Intel doesn't normally release information regarding hardware changes from one board revision to another. Speculating, when it comes to memory -- and presuming that the same BIOS version (and thus the same Memory Reference Code) is being used -- three possibilities come to mind:
- Amount of power provided to DIMMs.
- Quality of power provided to DIMMs.
- Quality of signal management (bus termination, etc.) used on the memory busses.
If you are running with four DIMMs populated, try running with only two DIMMs populated and try using these DIMMs in first the (blue) DIMM0 sockets, second the (black) DIMM1 sockets, third the ChannelA sockets and fourth the ChannelB sockets. Which combinations work and which combinations don't?
Hope this helps,
They were only using the two blue slots. I never had all four slots occupied at one time.
Looking between the boards the only difference I could even spot is two of the capacitors surrounding the PCIe slots are different brands. I couldn't find anything else.
I don't have the original RAM anymore, and the RAM that's in there now is a single-stick of Spectek 4GB RAM. I haven't been able to reproduce the issue with that one but all tests with memtest86+ running at least 10 passes or more are working. So I will keep my fingers crossed.
Let us know what happens. If you have the time, run MemTest86+ with this DIMM in each of the four sockets and see if there are any failures. This will tell you whether it is a board-related issue as opposed to a board revision-related issue...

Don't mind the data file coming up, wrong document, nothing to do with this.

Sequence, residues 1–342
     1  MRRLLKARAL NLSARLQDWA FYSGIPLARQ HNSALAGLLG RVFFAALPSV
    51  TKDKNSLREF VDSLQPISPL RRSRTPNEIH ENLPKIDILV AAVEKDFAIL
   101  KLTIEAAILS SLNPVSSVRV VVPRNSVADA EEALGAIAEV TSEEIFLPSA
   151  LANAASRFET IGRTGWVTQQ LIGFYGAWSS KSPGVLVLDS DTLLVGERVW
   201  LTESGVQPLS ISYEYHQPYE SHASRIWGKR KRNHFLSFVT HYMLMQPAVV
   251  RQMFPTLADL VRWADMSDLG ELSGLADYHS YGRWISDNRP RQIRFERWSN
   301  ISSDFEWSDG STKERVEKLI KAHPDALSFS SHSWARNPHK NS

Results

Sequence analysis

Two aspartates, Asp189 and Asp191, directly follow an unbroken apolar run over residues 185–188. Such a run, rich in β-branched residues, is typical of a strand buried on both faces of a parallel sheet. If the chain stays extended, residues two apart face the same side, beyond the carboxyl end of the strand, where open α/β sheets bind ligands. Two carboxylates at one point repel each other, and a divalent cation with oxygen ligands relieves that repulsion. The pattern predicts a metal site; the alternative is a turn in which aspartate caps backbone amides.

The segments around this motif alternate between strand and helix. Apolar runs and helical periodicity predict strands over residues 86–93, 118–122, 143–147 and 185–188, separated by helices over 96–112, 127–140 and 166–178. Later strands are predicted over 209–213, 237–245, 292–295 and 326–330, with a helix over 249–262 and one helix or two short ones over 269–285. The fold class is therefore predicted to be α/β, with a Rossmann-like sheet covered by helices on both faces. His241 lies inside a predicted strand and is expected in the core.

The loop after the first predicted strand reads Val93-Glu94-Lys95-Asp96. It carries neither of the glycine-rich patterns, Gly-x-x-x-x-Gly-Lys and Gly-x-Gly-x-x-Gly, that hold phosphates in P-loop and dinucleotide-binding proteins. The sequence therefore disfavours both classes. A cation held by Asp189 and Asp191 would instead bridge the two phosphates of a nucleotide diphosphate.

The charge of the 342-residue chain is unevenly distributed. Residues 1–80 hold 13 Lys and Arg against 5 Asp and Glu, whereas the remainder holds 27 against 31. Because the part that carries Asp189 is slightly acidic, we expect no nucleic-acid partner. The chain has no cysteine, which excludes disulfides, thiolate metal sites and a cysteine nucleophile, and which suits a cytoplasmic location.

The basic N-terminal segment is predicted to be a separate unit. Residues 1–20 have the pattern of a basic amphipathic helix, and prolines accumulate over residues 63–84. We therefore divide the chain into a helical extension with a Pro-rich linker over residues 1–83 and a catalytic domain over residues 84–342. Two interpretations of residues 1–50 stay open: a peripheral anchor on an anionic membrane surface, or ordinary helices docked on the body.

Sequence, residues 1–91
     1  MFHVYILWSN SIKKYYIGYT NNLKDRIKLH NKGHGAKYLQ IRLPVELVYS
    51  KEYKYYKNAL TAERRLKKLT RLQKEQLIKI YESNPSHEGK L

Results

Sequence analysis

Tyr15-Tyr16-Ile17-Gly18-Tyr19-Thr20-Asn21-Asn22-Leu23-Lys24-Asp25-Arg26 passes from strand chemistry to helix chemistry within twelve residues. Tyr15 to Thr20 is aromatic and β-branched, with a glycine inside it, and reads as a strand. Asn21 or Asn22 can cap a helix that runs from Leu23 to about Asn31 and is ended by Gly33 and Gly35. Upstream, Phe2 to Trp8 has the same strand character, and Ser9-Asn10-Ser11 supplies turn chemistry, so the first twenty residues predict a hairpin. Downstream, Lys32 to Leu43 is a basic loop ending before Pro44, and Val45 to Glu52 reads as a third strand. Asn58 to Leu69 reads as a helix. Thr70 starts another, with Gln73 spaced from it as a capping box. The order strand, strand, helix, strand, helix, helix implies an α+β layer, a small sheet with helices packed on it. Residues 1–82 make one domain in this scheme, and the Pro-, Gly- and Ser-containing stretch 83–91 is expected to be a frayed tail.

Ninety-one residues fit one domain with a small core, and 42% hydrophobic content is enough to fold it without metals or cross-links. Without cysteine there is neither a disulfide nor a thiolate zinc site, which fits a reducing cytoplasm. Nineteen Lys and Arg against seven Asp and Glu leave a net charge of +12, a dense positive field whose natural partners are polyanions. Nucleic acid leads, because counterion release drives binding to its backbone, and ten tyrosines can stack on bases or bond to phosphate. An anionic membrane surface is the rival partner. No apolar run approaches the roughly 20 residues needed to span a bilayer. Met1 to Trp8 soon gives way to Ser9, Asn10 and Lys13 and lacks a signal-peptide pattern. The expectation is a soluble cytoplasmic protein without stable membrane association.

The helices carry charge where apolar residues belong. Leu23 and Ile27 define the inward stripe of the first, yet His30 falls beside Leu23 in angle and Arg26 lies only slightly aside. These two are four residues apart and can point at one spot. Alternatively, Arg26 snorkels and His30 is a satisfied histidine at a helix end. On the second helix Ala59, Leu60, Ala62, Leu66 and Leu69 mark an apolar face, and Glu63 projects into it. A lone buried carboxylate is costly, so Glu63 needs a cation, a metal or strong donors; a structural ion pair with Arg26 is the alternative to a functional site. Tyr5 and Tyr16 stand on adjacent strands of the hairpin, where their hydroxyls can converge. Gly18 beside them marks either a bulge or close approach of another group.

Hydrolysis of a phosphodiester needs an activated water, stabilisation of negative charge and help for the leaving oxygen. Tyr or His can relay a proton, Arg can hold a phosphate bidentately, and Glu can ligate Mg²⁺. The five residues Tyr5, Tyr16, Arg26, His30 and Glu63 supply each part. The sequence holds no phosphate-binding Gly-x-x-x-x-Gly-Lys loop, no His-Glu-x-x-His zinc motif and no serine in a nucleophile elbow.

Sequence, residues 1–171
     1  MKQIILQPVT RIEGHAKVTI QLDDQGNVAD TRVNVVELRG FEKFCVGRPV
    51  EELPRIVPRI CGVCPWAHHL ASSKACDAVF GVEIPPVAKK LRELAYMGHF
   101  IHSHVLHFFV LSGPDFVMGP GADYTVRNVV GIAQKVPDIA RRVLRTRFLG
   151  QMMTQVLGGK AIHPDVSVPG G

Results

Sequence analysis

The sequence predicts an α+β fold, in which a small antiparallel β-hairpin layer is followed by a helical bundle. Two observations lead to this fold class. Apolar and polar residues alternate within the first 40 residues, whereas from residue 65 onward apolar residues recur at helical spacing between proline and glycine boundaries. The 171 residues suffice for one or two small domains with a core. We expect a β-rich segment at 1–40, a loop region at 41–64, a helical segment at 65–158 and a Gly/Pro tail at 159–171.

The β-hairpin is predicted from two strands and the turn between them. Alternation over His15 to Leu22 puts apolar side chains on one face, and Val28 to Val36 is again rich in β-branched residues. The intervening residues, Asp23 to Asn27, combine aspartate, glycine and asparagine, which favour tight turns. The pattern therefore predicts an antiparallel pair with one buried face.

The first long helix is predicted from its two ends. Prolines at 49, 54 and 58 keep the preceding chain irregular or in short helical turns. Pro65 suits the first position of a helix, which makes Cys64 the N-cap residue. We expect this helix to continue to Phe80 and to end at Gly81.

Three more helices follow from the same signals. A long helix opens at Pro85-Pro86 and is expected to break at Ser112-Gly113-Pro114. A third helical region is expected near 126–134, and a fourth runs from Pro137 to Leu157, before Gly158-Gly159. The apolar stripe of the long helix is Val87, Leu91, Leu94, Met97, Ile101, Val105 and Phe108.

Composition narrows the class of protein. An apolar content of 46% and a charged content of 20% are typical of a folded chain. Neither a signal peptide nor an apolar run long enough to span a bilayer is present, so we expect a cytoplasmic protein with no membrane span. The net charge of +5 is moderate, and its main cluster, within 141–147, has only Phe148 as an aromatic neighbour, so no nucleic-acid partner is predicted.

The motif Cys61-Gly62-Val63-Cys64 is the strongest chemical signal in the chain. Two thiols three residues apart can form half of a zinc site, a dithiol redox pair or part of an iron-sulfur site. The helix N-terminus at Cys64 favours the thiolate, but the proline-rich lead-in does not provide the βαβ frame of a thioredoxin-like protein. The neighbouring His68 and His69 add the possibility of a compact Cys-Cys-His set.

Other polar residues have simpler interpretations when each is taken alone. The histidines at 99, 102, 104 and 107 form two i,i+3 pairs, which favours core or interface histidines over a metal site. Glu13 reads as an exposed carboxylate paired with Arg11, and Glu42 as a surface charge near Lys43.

I ran Memtest86+ with the memory only in blue slot 1 overnight. It ran for 20 passes and never errored out. So I ran it in blue slot 2 over the weekend. It ran over 80+ passes and never errored out. The black slots were never used in the past so there's no reason to test them.
It's a hard one to test because the last time the BSOD happened the system went for 2 months without a blue screen then had three in the same day.
I'm leaning on the side it was the Kingston memory sticks that were the problem. The model I listed above have had issues with some other systems as well causing reboots and freezes (I've tried them in some Lenovo systems as well). I put them in a system with a DH61DL motherboard and have no issues. However the DH61DL board has the 820uf capacitor added so it might be stabilizing them, whereas the DQ57TM doesn't.
- MemTest86 and MemTest86+ are not infallible. I have a known-bad DIMM that always passes these tests with flying colors.
- Just saying; there is a very good reason why I have stuck with Crucial memory.